Recently we attended the Project Kick-Off event for the Cogswell Street Interchange redevelopment. The redundant, late 1960s interchange represents a colossal failure in planning, so folks are very engaged in getting it right this time around (there will not be a third chance). The good news we were told is “everybody wants it!”
You can take a “3D virtual tour” of how the Cogswell area will be transformed. This reminded me of another fresh start we visited earlier in the fall: Østerbro, a new community on the edge of Copenhagen, Denmark. We went to see the architecture and sample the urban planning, both of which are not universally loved.
Østerbro has wonderful transportation links: the development is strung along a new metro line. There is a regional train station, of course it is bicycle friendly, and there are links to the major highway system. Cogswell will have to accommodate a huge quantity of motor vehicle traffic passing through.
The metro line in Østerbro is elevated. Here is a view in the station across from the largest shopping mall in Scandinavia, on the left. Hard to make this look cozy.
The elevated line means the metro is not a barrier at ground level. Remember the idea of putting Barrington Street in an underpass beneath the new Cogswell development?
We visited Østerbro on a dreary Saturday and saw relatively few cars. On the major through road there did not appear to be traffic lights. Cars just stopped at crosswalks. Try that on Barrington Street.
Some sections of Østerbro had been finished quite recently, while in between large blocks were under construction or still vacant. Sometimes it felt like you had stepped into an architectural rendering or a movie set. Unlike downtown Copenhagen there was little street life, except for us.
Land was very expensive so developers of the residential projects often commissioned distinctive buildings that would attract attention.
One of the controversial aspects of Østerbro is its encroachment on a wetland natural area. To photograph these two panoramas I just turned around. The hard edge between the development and the natural parkland is breathtaking.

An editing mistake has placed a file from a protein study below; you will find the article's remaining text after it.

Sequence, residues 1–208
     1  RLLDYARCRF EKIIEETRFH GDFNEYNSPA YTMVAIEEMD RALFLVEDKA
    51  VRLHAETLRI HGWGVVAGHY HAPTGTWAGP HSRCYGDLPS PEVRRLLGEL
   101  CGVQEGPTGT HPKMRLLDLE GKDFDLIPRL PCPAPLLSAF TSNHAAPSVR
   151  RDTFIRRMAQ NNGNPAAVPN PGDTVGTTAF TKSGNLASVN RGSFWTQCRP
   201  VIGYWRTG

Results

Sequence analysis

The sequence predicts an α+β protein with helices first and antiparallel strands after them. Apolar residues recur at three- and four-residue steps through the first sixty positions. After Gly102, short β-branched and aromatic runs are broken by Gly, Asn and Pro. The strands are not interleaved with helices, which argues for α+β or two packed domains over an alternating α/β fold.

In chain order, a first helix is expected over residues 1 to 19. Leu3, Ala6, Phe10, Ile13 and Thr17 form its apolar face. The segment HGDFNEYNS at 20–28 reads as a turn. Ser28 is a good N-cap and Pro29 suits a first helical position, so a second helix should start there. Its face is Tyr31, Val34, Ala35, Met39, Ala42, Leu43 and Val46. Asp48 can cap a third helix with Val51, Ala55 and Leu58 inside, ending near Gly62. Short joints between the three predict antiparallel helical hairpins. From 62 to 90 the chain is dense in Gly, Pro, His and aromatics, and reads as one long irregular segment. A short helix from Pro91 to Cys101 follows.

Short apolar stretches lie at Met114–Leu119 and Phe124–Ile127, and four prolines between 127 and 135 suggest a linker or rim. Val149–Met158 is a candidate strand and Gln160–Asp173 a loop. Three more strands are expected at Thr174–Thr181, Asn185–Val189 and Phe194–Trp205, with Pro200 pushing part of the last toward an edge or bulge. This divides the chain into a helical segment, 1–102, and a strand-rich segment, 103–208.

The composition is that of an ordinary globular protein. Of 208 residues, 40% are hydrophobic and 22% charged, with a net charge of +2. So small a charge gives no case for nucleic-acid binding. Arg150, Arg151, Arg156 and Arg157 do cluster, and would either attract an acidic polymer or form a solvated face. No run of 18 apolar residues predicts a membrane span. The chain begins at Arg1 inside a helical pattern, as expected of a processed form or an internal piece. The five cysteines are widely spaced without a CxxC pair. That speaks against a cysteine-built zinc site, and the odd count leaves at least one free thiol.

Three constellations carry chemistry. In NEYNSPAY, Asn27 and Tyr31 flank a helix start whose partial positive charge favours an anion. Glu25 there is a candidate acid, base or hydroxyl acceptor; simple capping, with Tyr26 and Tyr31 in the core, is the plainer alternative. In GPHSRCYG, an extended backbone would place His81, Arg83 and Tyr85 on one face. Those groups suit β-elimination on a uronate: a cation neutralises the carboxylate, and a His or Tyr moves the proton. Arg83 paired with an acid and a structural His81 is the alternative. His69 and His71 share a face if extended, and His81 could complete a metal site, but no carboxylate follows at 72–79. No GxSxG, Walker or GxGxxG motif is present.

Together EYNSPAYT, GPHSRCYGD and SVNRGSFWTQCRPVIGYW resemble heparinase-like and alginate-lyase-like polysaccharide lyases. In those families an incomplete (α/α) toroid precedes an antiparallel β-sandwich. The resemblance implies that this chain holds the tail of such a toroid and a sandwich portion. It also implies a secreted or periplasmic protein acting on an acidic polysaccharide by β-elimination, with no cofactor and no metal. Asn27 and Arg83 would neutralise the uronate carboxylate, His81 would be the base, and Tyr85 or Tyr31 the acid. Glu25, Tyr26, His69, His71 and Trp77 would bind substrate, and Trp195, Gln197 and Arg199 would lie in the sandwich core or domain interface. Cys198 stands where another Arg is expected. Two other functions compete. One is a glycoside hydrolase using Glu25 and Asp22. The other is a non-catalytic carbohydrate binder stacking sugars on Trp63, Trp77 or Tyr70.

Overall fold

Roads among the apartment buildings are narrow and we saw no surface parking lots. Within a row of apartments was this wonderful parking garage with a perforated metal cladding that created a pixilated image of a parking lot. Joy.
A number of the most well-known buildings in Østerbro were designed by the local architecture firm BIG, the Bjarke Ingels Group. This example has pointy balconies . . .
another has rooftop gardens.
It was not obvious that Østerbro was a successful community, but it is still young and worth a visit, and a complete contrast to the narrow, winding, picturesque streets of old Copenhagen.
My wish for the Cogswell project is that the architecture is interesting and thoughtful enough that Haligonians and visitors will be excited (in a good way). Wouldn’t we love to see the development as clickbait on a BuzzFeed 10 best list? That would be real success!
Halifax, of course, has its own piece of clickbait architecture with Copenhagen credentials, the Central Library, designed in collaboration with the Danish architecture firm Schmidt Hammer Lassen.
And because the world is small here is an enchanting vacation moment. We had returned a rented car at the Copenhagen airport and were taking the metro back into town. Sitting opposite us was a couple with Air Canada wrapping on their luggage and a MEC knapsack. The man looked familiar. Turns out it was Morten Schmidt, the architect for our library, we had seen him several times at the public consultations.
Schmidt had just visited Halifax and saw the library for the first time since it was finished. The real reason he was in Canada was to accept a Governor General’s Medal for Architecture in Ottawa with George Cotaras from Fowler Bauld and Mitchell, the local architecture partners.
Schmidt reached into his knapsack and pulled out the medal. We asked if we could take his picture. Sweet.